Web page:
The Story Told A Million Times

Why we should stop the retelling of Dahmer’s story.


Sarah Tadesse, Staffer

Imagine the pain of being told that your missing sibling, parent, or child was a victim of a cannibalistic serial killer. Imagine the pain of having no body to bury and barely any remains to say goodbye, too. This was sadly the reality for 17 families in Milwaukee and most haven’t begun to heal from the damage that has been done to their family. In 1991, 14 young men, a 17 year old and two 14 year old children were brutally murdered by Jeffery Dahmer. Milwaukee was horrified as the story of what the murderer did was spread across the nation, his actions being idealized and even romanized. The new Netflix show, “Dahmer – Monster: The Jeffrey Dahmer Story” depicts the horrors of the serial killer who was finally caught and sentenced in 1992.

We shouldn’t be retelling and idealizing the actions of a madman and doing so is extremely disrespectful to the families and people who have suffered.

Rita Isbell, The sister of Errol Lindsey, speaks out on how hurtful and traumatizing this show was for her and her family. In the Netflix show’s 8th episode, Isbell is portrayed by an actress dressed the same way she did, repeating her victim’s impact statement nearly word for word. The worst part of it is, she wasn’t informed that they would be reenacting one of the most traumatizing moments of her life.

On the right is Rita Isbell, sister of Errol Lindsey (one of the victims), gives her victim’s impact statement at Dahmer’s sentencing, and on the left is the actress playing her, reenacting it.  “When I saw some of the show, it bothered me,” Isbell says, “If I didn’t know any better, I would’ve thought it was me… That’s why it felt like reliving it all over again. It brought back all the emotions I was feeling back then.”

While it’s difficult to stop the retelling of such a popular story, the victims’ families should at least be compensated for it. ​​Isbell told Insider in an interview that Netflix didn’t inform her or pay her for the reenactment of her courtroom outburst. Netflix is profiting off of the pain and suffering the Lindsey family and the other victims’ families went through. While the show has done it’s part in shedding a light on the incompetence of the police department, especially when it comes to black and P.O.C. families, it’s also adding to the pile of money Netflix already has. While no one has forgotten what’s happened, bringing it forward and reminding everyone in this way greatly affects the victims’ day to day lives. Even if they had chosen not to watch the show, now that it’s fresh in everyone’s minds, there is no doubt colleagues and maybe even random people on the street will be bringing it up to them. Some might even go as far to ask for a picture or a signature. People need to be reminded that this story isn’t a work of fiction, it’s a traumatizing event that has greatly scarred many people involved and it shouldn’t be glorified in this way.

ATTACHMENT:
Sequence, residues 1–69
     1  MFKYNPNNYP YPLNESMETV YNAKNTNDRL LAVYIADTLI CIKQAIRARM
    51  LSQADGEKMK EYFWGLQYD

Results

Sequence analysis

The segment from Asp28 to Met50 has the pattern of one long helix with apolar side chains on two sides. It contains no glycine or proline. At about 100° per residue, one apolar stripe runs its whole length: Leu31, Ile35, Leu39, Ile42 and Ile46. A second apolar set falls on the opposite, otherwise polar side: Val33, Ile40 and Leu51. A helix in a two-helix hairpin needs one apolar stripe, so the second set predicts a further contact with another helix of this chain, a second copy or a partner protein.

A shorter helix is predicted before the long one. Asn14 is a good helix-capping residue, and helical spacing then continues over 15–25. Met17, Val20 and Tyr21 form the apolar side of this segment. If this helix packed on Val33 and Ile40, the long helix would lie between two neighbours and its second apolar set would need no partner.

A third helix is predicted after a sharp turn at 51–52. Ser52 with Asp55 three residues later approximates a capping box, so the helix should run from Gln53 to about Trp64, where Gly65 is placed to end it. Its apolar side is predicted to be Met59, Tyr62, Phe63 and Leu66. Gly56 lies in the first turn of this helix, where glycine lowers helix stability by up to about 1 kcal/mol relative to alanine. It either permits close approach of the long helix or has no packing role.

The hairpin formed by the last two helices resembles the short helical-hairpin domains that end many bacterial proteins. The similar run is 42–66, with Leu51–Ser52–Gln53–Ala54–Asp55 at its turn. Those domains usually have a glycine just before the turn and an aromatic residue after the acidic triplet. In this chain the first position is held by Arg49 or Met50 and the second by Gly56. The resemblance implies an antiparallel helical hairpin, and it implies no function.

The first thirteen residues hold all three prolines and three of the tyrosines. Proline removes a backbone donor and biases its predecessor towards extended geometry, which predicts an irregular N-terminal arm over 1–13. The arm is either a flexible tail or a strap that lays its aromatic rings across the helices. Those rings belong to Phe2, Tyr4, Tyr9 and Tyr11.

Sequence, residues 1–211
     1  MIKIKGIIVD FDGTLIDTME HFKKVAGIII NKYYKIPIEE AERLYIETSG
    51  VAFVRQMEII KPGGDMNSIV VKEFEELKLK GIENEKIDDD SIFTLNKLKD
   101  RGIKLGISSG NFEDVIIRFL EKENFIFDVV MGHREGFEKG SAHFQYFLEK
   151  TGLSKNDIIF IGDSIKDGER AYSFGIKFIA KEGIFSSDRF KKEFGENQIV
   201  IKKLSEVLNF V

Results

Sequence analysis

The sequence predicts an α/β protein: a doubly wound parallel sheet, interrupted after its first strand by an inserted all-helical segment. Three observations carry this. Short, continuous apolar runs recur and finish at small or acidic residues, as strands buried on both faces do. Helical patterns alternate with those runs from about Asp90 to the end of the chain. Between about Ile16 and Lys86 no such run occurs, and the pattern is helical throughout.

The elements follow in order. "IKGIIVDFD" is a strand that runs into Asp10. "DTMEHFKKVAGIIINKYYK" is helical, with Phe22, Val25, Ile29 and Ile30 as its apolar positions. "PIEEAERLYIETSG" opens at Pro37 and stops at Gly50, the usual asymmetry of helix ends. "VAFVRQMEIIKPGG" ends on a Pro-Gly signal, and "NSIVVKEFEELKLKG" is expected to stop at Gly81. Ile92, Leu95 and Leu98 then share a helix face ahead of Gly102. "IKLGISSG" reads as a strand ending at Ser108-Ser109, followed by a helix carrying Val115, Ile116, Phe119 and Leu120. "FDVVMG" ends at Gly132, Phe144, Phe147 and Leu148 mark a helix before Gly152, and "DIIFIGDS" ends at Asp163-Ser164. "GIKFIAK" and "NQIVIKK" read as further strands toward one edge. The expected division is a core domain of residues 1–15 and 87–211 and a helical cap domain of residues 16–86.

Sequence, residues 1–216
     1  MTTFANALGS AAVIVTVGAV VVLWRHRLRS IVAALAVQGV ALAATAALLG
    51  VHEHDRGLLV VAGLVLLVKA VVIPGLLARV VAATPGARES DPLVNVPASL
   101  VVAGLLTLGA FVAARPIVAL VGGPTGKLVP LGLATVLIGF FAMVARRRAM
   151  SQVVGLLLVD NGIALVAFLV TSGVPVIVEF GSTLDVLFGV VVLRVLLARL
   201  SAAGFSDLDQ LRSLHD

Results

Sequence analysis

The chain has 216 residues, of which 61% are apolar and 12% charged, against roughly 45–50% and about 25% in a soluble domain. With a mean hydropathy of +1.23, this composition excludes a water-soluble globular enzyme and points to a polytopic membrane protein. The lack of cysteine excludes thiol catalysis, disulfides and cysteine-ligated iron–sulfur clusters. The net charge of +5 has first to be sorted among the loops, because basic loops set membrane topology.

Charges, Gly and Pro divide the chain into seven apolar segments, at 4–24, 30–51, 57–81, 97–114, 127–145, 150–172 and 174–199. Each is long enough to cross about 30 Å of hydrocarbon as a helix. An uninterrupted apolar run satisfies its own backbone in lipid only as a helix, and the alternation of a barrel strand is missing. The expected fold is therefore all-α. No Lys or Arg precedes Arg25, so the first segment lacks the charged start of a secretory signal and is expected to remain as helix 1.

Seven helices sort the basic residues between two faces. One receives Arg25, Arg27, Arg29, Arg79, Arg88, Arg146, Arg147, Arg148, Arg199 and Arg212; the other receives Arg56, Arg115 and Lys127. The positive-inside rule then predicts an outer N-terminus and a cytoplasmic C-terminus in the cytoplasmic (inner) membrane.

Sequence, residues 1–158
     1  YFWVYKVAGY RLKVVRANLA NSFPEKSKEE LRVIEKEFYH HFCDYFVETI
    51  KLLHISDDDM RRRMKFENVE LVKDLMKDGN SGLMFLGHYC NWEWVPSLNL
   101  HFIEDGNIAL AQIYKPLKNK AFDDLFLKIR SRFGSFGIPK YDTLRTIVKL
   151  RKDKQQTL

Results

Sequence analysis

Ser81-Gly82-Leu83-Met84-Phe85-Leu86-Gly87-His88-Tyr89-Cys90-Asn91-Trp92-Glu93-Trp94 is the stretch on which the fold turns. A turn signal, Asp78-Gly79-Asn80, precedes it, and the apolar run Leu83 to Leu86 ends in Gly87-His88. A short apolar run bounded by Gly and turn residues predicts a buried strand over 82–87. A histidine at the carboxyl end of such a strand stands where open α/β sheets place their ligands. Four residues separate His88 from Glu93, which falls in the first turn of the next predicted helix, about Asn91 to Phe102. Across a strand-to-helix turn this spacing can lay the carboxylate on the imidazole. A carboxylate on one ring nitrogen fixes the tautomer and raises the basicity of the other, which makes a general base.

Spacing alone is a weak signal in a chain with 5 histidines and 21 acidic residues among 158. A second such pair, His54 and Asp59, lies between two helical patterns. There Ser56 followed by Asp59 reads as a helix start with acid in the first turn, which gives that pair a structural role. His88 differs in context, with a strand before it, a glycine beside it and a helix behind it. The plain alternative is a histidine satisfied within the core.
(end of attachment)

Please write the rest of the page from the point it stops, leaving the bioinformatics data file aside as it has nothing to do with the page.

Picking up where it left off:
The saddest part of it all is that this kind of reaction was most likely what Dahmer intended on happening when he relayed his life story to the police and many news networks. The attention that was brought to this story, not only now, but also in the 90s was unacceptable. The broadcast of his interviews and his story caused him to get lots of adoration and he even developed a fanbase who would send him letters and money in prison. A news article written in 1994 says that according to prison records, Dahmer received more than $12,000 from letter-writers around the world. This money was being used to buy cassettes, comics, and various other things to make his life in prison more comfortable. All Dahmer really wanted was attention and by making more television shows, movies, and books about him, we’re giving him exactly what he wanted. Even in death, he’s still tormenting these families and getting all the attention he’s ever wanted. 

Many would argue that it’s progressive of us, as a community, to talk about and try to understand this murderers actions which is true, but should be done in a respectful way. This would be an extremely different conversation if the series focused more on the victims’ families and actually got their consent and compensated them, but they did not. Instead, this show has done nothing more than encouraged people to make cruel jokes about these grisly murders, torment these poor families for details, and actually encourage the romantization of a murderer, many on social media sites like TikTok calling him “attractive”. It’s disrespectful and disgusting to the victims who have lost their lives and their surviving family members.

We should not be romanticizing the actions of a murderer and if these stories continue to be retold the families should be properly compensated and we, as humans, should find a respectful way to show an interest in a terrible event without bothering and causing harm to the victims of the tragedy.

In honor of the following victims: 

1978- Steven Hicks, 18

1987- Steven Tuomi, 24

1987- James Doxtator, 14

1988- Richard Guerrero, 25

1989- Anthony Sears, 26

1990- Raymond Smith (Ricky Beeks)

1990- Eddie Smith, 28

1990- Ernest Miller, 22

1990- David C. Thomas, 23

1991- Curtis Straughter, 17

1991- Errol Lindsey, 19

1991- Anthony “Tony” Hughes, 31

1991- Konerak Sinthasomphone, 14

1991- Matt Turner, 20

1991- Jeremiah Weinberger, 23

1991- Oliver Lacy, 23

1991- Joseph Bradehoft, 25